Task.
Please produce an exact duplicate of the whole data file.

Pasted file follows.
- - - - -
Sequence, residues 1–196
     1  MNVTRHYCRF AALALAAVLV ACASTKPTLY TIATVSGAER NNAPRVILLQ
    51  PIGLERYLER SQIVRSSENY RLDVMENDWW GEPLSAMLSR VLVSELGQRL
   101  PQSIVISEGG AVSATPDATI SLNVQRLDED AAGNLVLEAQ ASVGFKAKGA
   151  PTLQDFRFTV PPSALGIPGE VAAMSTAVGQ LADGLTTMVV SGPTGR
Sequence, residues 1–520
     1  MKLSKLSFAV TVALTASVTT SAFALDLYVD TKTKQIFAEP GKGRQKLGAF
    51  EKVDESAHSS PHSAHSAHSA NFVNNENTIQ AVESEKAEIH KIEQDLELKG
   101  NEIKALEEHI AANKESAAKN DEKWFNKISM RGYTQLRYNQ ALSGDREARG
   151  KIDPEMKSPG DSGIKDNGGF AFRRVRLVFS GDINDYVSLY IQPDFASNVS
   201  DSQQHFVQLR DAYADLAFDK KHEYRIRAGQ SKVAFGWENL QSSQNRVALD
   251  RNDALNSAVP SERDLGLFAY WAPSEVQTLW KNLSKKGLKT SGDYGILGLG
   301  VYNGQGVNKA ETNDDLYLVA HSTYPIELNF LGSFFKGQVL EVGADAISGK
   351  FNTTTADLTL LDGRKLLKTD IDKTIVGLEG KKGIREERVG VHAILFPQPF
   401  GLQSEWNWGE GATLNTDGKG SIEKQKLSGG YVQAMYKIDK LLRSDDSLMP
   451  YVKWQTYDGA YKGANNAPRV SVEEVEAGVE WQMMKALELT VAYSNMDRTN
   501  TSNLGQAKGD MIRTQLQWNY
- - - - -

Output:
Sequence, residues 1–196
     1  MNVTRHYCRF AALALAAVLV ACASTKPTLY TIATVSGAER NNAPRVILLQ
    51  PIGLERYLER SQIVRSSENY RLDVMENDWW GEPLSAMLSR VLVSELGQRL
   101  PQSIVISEGG AVSATPDATI SLNVQRLDED AAGNLVLEAQ ASVGFKAKGA
   151  PTLQDFRFTV PPSALGIPGE VAAMSTAVGQ LADGLTTMVV SGPTGR
Sequence, residues 1–520
     1  MKLSKLSFAV TVALTASVTT SAFALDLYVD TKTKQIFAEP GKGRQKLGAF
    51  EKVDESAHSS PHSAHSAHSA NFVNNENTIQ AVESEKAEIH KIEQDLELKG
   101  NEIKALEEHI AANKESAAKN DEKWFNKISM RGYTQLRYNQ ALSGDREARG
   151  KIDPEMKSPG DSGIKDNGGF AFRRVRLVFS GDINDYVSLY IQPDFASNVS
   201  DSQQHFVQLR DAYADLAFDK KHEYRIRAGQ SKVAFGWENL QSSQNRVALD
   251  RNDALNSAVP SERDLGLFAY WAPSEVQTLW KNLSKKGLKT SGDYGILGLG
   301  VYNGQGVNKA ETNDDLYLVA HSTYPIELNF LGSFFKGQVL EVGADAISGK
   351  FNTTTADLTL LDGRKLLKTD IDKTIVGLEG KKGIREERVG VHAILFPQPF
   401  GLQSEWNWGE GATLNTDGKG SIEKQKLSGG YVQAMYKIDK LLRSDDSLMP
   451  YVKWQTYDGA YKGANNAPRV SVEEVEAGVE WQMMKALELT VAYSNMDRTN
   501  TSNLGQAKGD MIRTQLQWNY